Dwarf crayfish are small cousins of big crayfish species like the blue Procambarus alleni. Unlike most other crayfish, they are peaceful and suitable for some types of community. They belong to the genus Cambarellus, which contains quite a few different species, all with similar requirements – the most commonly known and kept orange CPO (orange dwarf crayfish) is one of them.
|Tank size||8 gal (30l)|
|Length||2 inch (5 cm)|
Cambarellus genus of dwarf crayfish, containing:
Cambarellus patzcuarensis Orange (CPO/orange dwarf crayfish/Mexican dwarf crayfish), Cambarellus shufeldtii (Cajun dwarf crayfish), Cambarellus montezumae, Cambarellus ninae, etc.
Dwarf crayfish natural habitat:
Dwarf crayfish are mainly found in Mexico and southern parts of the USA. Their primary habitat consists of lakes, small streams and slow-flowing rivers.
Dwarf cray fish appearance:
Dwarf crayfish are freshwater crustaceans that look somewhat like a tiny version of lobsters. Most wild varieties have a brown-greyish color with darker stripes that allows them to blend in with the environment; a slight hint of blue or orange is also sometimes seen, but is often limited to the pincers. Females will sometimes carry eggs between their back legs.
If you find a strange, empty crayfish-shaped shell in your aquarium there is no need to worry. Your dwarf crayfish hasn’t died, it has molted.
Dwarf crayfish requirements:
Dwarf crayfish are relatively undemanding when it comes to tank size and water values. Couples/trios of almost all of them do fine in a tank of at least around 8 gallons (30 liter), and trios of the smallest types, like Cambarellus shufeldtii (Cajun dwarf crayfish), can be kept in 5+ gallon (20 liter) aquariums as long as there are multiple hiding places for every one of them.
Heavy filtration isn’t necessary, but at least a small filter is required to allow the tank to cycle and remove particles. Never introduce dwarf crayfish into an uncycled aquarium! They don’t react to nitrites and ammonia well. For more information on how to cycle an aquarium, check out this article.
Dwarf crayfish love to hide, so lots of hiding spots are definitely necessary to prevent stress and territorial battles. Plants, wood and piles of rocks are all great options – my Cajun dwarf crayfish especially love their shrimp flat. At least one of them can be found inside it at any given time. Hiding places are especially important when a crayfish has just molted, because it will be very vulnerable for the first few hours.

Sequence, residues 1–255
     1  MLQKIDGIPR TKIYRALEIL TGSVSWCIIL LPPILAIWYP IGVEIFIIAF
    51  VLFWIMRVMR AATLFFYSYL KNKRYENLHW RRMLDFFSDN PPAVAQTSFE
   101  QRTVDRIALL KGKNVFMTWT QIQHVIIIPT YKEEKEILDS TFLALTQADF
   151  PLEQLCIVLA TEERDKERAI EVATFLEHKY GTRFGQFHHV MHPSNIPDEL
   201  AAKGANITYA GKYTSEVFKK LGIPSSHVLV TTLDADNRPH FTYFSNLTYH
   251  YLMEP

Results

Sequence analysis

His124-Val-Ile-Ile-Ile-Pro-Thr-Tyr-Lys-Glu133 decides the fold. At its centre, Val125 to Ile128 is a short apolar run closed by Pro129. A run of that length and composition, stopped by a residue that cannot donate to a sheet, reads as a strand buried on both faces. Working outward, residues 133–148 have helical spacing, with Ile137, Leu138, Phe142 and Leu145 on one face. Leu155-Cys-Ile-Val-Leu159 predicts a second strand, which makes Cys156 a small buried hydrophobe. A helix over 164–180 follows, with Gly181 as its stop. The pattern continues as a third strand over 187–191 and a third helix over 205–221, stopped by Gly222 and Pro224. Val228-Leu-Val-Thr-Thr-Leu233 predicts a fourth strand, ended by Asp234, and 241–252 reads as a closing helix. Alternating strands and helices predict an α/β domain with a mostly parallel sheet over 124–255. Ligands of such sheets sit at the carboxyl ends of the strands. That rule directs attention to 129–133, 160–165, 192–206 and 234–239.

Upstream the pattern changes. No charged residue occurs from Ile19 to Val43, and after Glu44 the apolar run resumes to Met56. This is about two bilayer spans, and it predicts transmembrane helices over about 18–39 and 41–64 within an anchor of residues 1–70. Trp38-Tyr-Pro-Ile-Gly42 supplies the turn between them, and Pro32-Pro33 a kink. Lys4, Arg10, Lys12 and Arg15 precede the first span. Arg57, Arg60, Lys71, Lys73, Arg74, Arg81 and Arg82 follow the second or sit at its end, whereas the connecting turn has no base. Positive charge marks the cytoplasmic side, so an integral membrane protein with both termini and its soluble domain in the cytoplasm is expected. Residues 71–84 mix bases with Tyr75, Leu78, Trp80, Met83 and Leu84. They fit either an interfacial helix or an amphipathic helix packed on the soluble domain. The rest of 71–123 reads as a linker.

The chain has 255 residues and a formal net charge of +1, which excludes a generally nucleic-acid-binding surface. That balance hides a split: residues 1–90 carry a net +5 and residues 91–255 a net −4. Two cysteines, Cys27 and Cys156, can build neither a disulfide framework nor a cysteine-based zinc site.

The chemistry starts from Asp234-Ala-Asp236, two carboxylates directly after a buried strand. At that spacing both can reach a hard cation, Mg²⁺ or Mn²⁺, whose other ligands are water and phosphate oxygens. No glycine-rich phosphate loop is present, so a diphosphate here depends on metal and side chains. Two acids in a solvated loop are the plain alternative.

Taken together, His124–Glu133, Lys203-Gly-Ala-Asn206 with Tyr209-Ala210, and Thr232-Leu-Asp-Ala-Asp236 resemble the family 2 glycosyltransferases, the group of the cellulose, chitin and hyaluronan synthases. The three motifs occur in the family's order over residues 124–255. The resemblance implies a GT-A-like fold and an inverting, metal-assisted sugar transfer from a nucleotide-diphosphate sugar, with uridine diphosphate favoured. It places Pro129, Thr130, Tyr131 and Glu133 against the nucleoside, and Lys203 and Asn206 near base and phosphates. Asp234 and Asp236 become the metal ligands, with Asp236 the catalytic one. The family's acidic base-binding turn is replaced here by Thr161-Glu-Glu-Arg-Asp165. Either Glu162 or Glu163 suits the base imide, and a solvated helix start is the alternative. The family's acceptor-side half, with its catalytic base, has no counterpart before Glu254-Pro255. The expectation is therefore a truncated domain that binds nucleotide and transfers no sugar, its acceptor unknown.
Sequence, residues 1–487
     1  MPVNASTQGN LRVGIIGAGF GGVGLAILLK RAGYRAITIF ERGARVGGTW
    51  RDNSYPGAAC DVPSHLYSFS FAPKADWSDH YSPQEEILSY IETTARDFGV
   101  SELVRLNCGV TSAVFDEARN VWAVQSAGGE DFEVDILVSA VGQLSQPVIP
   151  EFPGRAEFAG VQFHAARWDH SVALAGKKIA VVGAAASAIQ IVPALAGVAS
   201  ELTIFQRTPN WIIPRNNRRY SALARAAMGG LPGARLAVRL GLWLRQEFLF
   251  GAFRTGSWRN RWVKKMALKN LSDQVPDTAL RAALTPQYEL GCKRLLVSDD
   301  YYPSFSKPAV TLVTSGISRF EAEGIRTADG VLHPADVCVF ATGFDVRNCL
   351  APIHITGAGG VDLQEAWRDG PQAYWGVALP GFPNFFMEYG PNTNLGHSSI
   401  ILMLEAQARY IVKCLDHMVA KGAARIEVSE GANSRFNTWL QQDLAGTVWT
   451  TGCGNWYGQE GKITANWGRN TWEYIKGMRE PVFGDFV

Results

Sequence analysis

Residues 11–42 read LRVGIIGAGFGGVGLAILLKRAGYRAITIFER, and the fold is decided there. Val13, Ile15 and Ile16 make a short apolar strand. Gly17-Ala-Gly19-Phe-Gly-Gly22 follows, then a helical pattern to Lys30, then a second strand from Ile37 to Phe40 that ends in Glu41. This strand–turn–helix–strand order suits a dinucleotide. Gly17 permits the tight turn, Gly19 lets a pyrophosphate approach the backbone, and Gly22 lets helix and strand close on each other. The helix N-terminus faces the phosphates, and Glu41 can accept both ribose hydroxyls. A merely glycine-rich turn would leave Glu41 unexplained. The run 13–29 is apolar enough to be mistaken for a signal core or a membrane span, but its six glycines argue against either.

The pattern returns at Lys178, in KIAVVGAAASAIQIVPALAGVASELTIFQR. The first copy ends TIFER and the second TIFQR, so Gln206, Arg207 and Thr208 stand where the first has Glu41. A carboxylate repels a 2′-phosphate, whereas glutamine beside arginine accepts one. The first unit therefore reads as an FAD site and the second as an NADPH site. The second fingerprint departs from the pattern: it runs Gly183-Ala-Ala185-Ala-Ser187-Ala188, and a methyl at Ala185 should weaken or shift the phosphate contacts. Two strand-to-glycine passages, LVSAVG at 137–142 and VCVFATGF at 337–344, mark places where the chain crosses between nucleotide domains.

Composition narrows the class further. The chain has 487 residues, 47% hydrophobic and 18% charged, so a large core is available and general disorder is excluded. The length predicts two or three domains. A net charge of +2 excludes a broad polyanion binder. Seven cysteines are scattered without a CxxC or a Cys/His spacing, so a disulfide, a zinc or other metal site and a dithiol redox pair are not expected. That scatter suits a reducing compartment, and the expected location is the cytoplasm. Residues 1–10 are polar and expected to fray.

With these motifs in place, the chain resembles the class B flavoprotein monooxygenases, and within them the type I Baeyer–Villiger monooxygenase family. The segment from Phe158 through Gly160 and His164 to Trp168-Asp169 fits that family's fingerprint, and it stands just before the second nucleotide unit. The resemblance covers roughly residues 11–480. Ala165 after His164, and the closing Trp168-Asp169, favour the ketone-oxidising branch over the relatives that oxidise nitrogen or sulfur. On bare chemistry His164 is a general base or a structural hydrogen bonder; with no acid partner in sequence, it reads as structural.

Dwarf crayfish tankmates:
When it comes tank mates, dwarf crayfish don’t limit your options like their bigger cousins do. They are quite peaceful and usually won’t kill fish unless they’re weak or very tiny, or have long flowy fins. Small snails, baby shrimp and bamboo shrimp may also be damaged by dwarf crayfish, but apart from that they’re usually harmless and will fit into most community tanks that don’t contain larger, hungry fish.
Dwarf crayfish Diet:
These crayfish are omnivores and will eat pretty much anything. I feed mine Hikari Crab Cuisine as a staple (I wrote a review of it a while ago for everyone who is considering to buy it), along with all kinds of other foods: frozen blood worms/black mosquito larvae, pieces of algae pellet, peas, and even the gel food I made for my goldfish. Their varied diet make dwarf crays a great addition to your aquarium cleaning crew.
Dwarf crayfish behavior:
If you’re interested in keeping shrimp but think they’re a bit too boring for you, you might want to consider one of the many dwarf crayfish species. They show much more personality towards each other and even towards you. They can often be observed carefully approaching each other and suddenly making a huge jump backwards when one of them gets too close. When you approach the aquarium, you’ll often see them running towards you, pincers raised, ready to defend their territory – seemingly forgetting how small they are. Quite adorable!
Breeding dwarf crayfish:
Breeding dwarf crayfish is not too difficult and actually quite similar to breeding dwarf shrimp; after the mating process, eggs will develop under the female’s back legs. If the eggs are dark colored, they are fertilized and will hatch into tiny copies of the parents in around 3-4 weeks. The fry will eat leftover food, rotting plant bits and, occasionally, each other – be sure to provide extra hiding places for a high survival rate.
Buying dwarf crayfish:
When buying dwarf crayfish, look for healthy specimens with bright colors that appear active. Missing legs can regrow with the next molt and are not a huge problem. You can buy orange dwarf crayfish (CPO) online here!
I’d definitely recommend dwarf crayfish to anyone who’s looking for a new, fun aquarium challenge. They don’t require large tanks or very specific care and won’t destroy plants, which makes them a great choice for beginners and more experienced aquarists alike.
If you think I forgot to mention something in this caresheet or if you have more questions about keeping dwarf crayfish, be sure to leave a comment below. Happy invert-keeping!